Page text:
Howdy... Okay, two strokes are notoriously noisy to begin with, but the rattle you're undoubtedly hearing is more that likely "way too much clearance" in the clutch assembly. The original that came with my first two engines had so much clearance, it eventually glazed the clutch material and finally quit engaging. I ordered new ones which came with much better tolerances and work much better. The machining and tolerance quality of these engines is to say the least, much less than I would consider acceptable, especially since 2 stroke engines have inherent high compression levels, vibration issues and are prone to pre-ignition destruction. The carburation unit is prone to terrible siphoning that can drain your tank "sucking fuel past the shutoff valve" and filling the crank case with a load of destructive fuel that will kill the engine and could actually cause a catastrophic failure (can you say shrapnel?) if you manage to start it. Another really bad feature of these engines is the low quality of the ignition. In a word, shock mount the ignition unit or you will be replacing it on a regular basis. The magneto is also only lined up by the mounting screws which can and will allow the center magnets to touch the armature at high RPM. This *will* short your ignition and prevent the motor from running. This component also gets way too hot, and this can cause the windings to open/short. Every time this happened to me, I was a 3 or 4 mile peddle back to my shop, (what a work out). In short, if you're only going to play with this thing, you'll have lots of fun re-building, experimenting, and tooling around but don't expect to ride this thing on a regular basis for distances over 5 miles from where your tools are unless you put some serious engine cleanup effort into the internals. I have finally given up on this engine because of the considerable effort to get reliability and durability out of it. I've switched to a 4 stroke unit that so far is miles ahead in quality and practicality. It probably won't ever go 50+ mph, but it will do 30 mph all day long without the major problems of the 2 stroke. This of course is just my informed opinion.... I could be wrong...
Idle speed: I shoot for as a slow as possible idle speed that is reliably held by the engine.
Wow, if I didn't know better, I'd say you're playing "scare the n00b":D.
But seriously, thanks for the tips. I think you may be right about the clutch clearance. There seemed to be a bit of squealing when the clutch is engaged; I think it may be because I hadn't put enough slack in the cable. I haven't tried it since replacing the clutch lever, but I suspect the squealing may be gone now.

I have no interest at all of going over 25 mph, so I'm not too concerned about overheating or serious breakdowns. I built my MB mainly to cruise around town, pick up groceries, etc. However, if it should break down, I will definitely look into a four-stroke. For now, I will keep an eye out for the problems you mentioned. Thanks a bunch!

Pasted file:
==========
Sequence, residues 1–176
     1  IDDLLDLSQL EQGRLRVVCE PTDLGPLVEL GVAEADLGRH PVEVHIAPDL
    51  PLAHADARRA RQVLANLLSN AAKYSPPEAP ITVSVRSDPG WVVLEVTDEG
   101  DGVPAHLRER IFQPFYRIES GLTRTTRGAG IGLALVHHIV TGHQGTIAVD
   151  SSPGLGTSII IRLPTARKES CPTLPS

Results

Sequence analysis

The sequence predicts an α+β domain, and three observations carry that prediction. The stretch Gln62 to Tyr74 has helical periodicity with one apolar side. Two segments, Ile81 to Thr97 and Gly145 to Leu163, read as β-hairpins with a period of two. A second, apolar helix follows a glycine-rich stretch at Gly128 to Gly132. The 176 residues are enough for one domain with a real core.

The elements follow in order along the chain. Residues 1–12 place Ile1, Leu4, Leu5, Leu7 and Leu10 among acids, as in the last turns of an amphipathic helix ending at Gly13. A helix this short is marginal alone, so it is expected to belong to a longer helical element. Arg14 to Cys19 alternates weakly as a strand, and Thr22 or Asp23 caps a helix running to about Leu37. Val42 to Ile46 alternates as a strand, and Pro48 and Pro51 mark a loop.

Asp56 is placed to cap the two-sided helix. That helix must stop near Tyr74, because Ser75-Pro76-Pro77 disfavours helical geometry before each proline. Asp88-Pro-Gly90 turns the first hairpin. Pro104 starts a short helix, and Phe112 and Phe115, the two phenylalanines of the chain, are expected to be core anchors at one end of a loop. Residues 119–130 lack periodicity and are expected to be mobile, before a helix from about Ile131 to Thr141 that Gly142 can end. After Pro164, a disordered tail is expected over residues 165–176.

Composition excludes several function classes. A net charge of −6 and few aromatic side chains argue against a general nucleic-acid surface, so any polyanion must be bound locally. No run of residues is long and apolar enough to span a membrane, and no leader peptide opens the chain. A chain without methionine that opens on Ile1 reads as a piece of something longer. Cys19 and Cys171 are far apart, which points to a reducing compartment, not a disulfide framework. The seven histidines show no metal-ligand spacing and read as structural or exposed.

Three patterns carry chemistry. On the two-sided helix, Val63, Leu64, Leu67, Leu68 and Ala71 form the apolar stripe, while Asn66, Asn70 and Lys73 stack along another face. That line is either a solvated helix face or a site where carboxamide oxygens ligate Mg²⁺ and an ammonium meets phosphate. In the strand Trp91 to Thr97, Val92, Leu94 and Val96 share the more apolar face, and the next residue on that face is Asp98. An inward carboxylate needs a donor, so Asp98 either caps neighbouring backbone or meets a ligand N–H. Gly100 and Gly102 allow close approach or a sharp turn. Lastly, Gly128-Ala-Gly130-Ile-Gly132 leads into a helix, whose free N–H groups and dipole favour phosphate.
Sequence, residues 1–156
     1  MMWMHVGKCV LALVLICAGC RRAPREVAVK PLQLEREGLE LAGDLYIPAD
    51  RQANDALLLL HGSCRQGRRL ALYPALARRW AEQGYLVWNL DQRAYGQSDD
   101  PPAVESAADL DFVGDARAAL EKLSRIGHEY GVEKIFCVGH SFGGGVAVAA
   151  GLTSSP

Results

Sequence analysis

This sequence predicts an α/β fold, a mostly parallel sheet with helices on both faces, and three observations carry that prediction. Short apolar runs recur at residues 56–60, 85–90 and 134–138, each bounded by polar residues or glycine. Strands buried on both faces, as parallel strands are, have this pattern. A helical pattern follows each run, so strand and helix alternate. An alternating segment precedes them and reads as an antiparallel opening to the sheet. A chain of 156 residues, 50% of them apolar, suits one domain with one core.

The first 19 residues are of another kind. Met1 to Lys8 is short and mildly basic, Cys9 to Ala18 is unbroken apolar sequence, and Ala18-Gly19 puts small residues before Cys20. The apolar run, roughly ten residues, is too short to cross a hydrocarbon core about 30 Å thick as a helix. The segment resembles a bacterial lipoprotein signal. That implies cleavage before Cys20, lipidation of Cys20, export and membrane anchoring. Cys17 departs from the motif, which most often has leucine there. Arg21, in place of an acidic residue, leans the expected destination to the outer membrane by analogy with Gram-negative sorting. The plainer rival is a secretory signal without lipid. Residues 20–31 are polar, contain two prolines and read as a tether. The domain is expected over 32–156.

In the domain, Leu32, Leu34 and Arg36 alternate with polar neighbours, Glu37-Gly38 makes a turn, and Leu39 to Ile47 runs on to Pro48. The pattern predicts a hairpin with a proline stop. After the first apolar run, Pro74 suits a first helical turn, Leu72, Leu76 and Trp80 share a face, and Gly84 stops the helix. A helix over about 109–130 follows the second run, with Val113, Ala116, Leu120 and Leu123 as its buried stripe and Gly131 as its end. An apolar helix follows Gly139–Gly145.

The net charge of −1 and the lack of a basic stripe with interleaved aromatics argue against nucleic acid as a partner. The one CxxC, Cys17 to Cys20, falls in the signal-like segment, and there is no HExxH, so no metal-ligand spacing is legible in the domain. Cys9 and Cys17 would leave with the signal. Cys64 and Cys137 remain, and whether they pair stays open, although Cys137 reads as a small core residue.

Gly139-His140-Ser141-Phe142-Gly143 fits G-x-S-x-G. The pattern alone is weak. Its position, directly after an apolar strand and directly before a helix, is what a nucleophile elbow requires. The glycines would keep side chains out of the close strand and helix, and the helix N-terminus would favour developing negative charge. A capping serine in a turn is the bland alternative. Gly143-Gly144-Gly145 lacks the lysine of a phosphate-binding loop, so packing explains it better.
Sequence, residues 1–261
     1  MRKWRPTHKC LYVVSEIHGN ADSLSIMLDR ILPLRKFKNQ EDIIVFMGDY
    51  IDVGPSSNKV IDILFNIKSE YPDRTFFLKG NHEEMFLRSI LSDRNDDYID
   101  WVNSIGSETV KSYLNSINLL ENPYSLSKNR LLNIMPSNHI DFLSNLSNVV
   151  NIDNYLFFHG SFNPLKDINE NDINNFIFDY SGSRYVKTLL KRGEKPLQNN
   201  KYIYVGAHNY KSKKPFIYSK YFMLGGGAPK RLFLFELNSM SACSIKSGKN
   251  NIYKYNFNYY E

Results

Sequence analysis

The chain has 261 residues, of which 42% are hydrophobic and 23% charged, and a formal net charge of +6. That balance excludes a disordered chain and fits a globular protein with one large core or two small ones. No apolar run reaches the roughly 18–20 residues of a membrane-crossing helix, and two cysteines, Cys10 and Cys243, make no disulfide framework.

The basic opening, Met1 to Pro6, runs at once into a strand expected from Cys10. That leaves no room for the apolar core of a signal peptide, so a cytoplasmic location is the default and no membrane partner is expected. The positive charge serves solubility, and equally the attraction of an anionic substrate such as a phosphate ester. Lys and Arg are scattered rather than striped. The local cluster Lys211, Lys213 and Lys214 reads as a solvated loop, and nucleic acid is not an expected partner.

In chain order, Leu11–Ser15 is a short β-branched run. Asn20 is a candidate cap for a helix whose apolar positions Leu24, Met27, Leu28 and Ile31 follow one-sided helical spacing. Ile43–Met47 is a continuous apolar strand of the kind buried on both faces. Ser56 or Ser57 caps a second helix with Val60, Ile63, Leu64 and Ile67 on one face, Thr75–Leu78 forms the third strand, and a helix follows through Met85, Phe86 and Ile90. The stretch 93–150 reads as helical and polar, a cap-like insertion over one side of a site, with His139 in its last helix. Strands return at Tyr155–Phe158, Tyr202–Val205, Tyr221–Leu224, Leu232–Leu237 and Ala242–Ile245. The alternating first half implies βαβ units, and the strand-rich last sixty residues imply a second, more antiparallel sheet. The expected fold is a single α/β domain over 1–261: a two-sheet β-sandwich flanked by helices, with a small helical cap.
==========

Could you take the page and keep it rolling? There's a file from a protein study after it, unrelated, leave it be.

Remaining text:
Good idea! I shall try that the next opportunity I get.
I've found with both my Happy Times motors 50 and 70 cc, that the idle screw didn't do much until the motor had some miles on it (under 100), then one day that little screw had an effect.
I've found with both my Happy Times motors 50 and 70 cc, that the idle screw didn't do much until the motor had some miles on it (under 100), then one day that little screw had an effect.

Yeah, I just noticed that this weekend, after going through the first tank of gas. I actually had to up the idle speed because it was cutting out. Before, it revved super high at idle, no matter where the screw was set. Phew, I'm glad to know that that's normal behavior.
New modifications:

I've also replaced the stock plug with a NGK B7HV. I was concerned that this lower temp plug might not work as well, but it seems to be even more effective! It used to take me ~3 laps around the block to get the motor started, but now it starts even before I reach the end of the block! The engine sounds deeper now, too. My next step is to find a replacement spark plug wire.

The air filter seemed a bit too porous, so I cut a bit of high density foam that I had lying around and fit it into the filter. Doesn't seem to have affected the engine, and extra filtration is always good.

The brass fuel needle valve that came with the kit is t3h cr4p. It started leaking out of the part where the lever enters the valve body! I replaced it with a proper needle valve from Ace Hardware and changed out the Chinese vinyl gas lines for American-made ones, which are reassuringly stiffer. With liberal use of pipe thread tape and pipe clamps, my fuel system is now leakproof!​


To do:
  • Replace spark plug wire.
  • Adjust the clutch. It squeals quite a bit whenever it is engaged. From what I've gathered from this forum, tightening the nut on the clutch plate will alleviate the sound somewhat. I guess while it's open, I should also take the opportunity to grease the gears.
  • Replace the stock tensioner with a regular bike tensioner sprocket. The sides on the stock tensioner are wearing down alarmingly fast.